10 Things


Fidy Says
19th January 2017

10 Things

posted in Cat Stories |

Poppy’s not the first cat I’ve tried to bring in from the cold, (apologies to Deric Longden) 20+ years ago there was Jackson and more recently Leonard. I was successful both times with these boys and they each lived out their remaining years in love and comfort.

They had both been stray tom cats, so you’d think that Poppy, being only semi-feral, would be an easier proposition. Sadly no-one had told Poppy this.

So here, in no particular order, are the 10 things you need to succeed.

1. A good supply of ‘Dreamies’ cat treats. (Other brands are also available)

2. If you’re doing it in winter, 2 anoraks a scarf and a thick jumper are essential.

3. Lots of spare time. All cats are different, some are braver than others. Poppy is very timid. You need lots of time to allow them to explore at their own pace, but with supervision.

4. You also need lots of patience. Poppy loves being made a fuss of, but in the early days seemed to forget between visits, so each new day I had to remind her.

5. A degree in cat psychology is helpful. Peter does the theory, whilst I do the practical.

6. The ability to talk calmly for hours about absolutely nothing, so your voice becomes familiar. After a few weeks I could read Poppy the ingredients from a cornflakes packet and she’d purr loudly.

7. The physical and mental stamina to kneel down a lot, sit on the floor a lot, then get up a lot. To endlessly, and pointlessly, open and close doors over and over again. Cats have a mental ball of string when they’re exploring new places and always need to have their escape route covered, before belaying the next bit.

8. Be prepared for the unexpected. When Poppy first came into the house she fell hopelessly in love with our staircase, which you can see here in a photo from 2014. It’s been decorated since then, but you get the idea. She particularly loved it’s spindles!!

9. Never give up hope. On one particular occasion we’d had a bad day, I’d upset her by trying to pick her up (too soon) and I thought she’d never speak to me again. Then, after tea as I was washing up, she appeared with her front paws on the kitchen window sill shouting to come in. How could she do that, she’s so small?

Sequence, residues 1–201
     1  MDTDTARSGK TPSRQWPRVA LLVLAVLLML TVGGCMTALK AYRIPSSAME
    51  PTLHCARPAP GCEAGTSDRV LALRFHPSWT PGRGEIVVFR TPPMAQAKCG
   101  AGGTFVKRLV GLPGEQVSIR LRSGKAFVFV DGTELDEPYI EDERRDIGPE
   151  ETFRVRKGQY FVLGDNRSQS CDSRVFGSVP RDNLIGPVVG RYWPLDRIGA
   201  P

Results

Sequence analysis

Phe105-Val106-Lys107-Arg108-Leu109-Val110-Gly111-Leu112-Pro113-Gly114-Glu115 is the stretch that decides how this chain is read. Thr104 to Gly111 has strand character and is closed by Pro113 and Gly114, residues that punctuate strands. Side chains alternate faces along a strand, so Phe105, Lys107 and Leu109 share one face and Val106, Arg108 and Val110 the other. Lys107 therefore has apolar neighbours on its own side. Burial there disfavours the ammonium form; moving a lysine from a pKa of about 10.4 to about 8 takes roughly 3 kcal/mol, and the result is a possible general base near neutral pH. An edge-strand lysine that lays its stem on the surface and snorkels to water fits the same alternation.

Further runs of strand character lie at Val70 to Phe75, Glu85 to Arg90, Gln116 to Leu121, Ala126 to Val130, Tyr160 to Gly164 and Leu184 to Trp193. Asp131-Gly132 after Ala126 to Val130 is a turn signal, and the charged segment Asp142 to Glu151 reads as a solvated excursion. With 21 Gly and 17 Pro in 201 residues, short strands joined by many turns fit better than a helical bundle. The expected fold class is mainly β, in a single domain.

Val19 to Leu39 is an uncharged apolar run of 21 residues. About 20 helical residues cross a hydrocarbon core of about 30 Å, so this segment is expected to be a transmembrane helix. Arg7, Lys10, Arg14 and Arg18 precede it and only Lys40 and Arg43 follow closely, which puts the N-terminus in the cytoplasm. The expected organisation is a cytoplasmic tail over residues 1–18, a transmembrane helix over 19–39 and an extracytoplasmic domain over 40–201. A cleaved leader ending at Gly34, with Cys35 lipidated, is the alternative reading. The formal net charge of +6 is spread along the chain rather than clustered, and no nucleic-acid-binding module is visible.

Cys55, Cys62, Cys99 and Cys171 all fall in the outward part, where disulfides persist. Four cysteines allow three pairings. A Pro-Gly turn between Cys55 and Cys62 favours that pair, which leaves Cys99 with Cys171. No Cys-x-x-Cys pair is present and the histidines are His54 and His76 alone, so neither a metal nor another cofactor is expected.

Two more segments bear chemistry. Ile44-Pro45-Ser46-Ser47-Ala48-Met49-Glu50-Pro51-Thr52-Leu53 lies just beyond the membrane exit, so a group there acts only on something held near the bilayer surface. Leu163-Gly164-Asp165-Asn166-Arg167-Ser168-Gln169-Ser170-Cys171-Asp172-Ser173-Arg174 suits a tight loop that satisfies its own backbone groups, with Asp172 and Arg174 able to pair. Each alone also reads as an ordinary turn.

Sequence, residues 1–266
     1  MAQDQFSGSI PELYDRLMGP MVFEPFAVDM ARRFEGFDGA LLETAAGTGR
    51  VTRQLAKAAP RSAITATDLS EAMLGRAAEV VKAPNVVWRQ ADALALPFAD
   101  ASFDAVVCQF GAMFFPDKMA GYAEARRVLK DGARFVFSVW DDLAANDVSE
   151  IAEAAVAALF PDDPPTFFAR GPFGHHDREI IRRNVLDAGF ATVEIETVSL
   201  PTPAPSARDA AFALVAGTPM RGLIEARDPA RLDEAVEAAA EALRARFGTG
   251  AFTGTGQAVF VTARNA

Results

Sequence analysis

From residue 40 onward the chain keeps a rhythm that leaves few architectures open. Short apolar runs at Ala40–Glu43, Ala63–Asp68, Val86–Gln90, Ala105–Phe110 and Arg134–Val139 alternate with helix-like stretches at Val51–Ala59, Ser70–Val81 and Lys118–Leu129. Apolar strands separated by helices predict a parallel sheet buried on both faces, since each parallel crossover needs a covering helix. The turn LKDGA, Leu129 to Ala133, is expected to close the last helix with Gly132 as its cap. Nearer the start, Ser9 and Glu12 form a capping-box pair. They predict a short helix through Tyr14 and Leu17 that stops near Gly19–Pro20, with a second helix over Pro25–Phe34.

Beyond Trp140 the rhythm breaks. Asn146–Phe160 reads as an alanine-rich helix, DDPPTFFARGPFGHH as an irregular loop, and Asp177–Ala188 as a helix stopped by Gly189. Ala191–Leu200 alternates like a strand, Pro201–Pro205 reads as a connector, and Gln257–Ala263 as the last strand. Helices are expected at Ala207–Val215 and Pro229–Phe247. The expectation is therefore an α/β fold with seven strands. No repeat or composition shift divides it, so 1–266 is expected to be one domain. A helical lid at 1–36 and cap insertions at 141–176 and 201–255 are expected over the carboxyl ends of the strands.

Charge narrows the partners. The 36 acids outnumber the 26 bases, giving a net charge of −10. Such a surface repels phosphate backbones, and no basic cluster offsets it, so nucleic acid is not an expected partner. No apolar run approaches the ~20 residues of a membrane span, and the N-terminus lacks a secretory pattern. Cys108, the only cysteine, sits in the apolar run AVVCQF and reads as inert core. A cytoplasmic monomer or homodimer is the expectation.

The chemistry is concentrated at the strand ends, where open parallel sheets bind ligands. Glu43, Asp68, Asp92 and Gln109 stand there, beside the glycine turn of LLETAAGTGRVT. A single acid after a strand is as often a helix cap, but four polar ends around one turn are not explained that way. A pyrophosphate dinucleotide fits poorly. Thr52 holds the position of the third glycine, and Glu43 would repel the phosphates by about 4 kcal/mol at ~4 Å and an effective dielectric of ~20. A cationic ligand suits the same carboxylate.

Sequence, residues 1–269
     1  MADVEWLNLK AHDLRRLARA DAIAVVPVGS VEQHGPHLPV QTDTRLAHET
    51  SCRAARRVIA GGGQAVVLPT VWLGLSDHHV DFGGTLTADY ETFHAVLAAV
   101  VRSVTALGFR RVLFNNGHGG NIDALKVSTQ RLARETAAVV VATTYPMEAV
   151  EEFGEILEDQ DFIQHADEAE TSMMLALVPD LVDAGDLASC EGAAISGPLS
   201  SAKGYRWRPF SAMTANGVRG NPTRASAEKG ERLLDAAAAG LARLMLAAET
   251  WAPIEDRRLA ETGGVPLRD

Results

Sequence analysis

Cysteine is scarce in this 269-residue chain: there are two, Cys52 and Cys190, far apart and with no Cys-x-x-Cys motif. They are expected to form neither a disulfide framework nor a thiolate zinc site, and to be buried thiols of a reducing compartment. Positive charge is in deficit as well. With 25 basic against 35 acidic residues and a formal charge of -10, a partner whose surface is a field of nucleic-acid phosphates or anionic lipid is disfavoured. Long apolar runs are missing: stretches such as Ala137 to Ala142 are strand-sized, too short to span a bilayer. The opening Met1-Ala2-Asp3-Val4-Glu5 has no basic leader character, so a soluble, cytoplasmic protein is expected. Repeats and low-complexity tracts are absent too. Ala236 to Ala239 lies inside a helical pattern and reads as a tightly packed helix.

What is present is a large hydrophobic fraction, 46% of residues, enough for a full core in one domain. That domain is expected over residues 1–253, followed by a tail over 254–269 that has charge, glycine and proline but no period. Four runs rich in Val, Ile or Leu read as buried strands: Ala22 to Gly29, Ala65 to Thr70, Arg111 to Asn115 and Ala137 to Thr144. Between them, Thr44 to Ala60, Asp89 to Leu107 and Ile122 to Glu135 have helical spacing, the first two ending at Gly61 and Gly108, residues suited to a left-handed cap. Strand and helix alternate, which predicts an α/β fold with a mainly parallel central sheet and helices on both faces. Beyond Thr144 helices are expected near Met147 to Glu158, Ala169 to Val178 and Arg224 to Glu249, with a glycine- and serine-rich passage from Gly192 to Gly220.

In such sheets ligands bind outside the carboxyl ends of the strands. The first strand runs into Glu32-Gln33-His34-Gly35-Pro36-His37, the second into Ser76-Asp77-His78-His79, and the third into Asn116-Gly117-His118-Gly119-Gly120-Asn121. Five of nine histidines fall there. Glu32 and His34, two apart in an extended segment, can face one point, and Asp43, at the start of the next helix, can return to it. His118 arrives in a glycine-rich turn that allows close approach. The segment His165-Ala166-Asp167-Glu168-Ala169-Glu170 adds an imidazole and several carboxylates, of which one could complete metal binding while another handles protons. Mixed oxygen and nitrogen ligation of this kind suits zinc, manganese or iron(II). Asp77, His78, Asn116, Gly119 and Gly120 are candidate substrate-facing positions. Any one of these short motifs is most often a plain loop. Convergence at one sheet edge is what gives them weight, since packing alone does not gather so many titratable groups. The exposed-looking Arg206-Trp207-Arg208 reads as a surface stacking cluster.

Well, outside the kitchen window we have a sort of ‘Mary Poppins’ roof-scape of old chimney pots. You can see them here in the summer full of pelargoniums. She’d jumped on to the tallest one in the corner so she could attract my attention.

10. Finally you need commitment and unconditional love. If you adopt a fully grown animal, in any circumstances, you never know what you will get. They will no doubt be well set in their ways and you can’t send them back if you suddenly discover you don’t like them anymore.

We were lucky with Jackson and Leonard who were both lovely boys, and I think Poppy will turn into a lovely girl.

Yes, she’s very timid, but she knows what she likes and what she doesn’t. If you over step the mark she lets you know, not with hissing or spitting, but with a low growl that comes from deep within her tiny body.

If she looked up at you and said “push off” she couldn’t make her feelings more plain. Indeed I’ve seen the local feral tom cat ‘Macbeth’ (so called because he looks like he comes from Scotland, eats porridge and drinks Irn Bru) keep a very respectful distance when she tells him to go away.

Poppy comes indoors now, sleeps for hours on the sofa and spends the nights in the closed porch, (that picture was taken before the improvements) where she has her own snug little basket complete with en suite and coffee making facilities.

We’re still learning about each other and we still get it wrong sometimes, but overall progress is good, and more importantly Poppy is safe, warm and happy.

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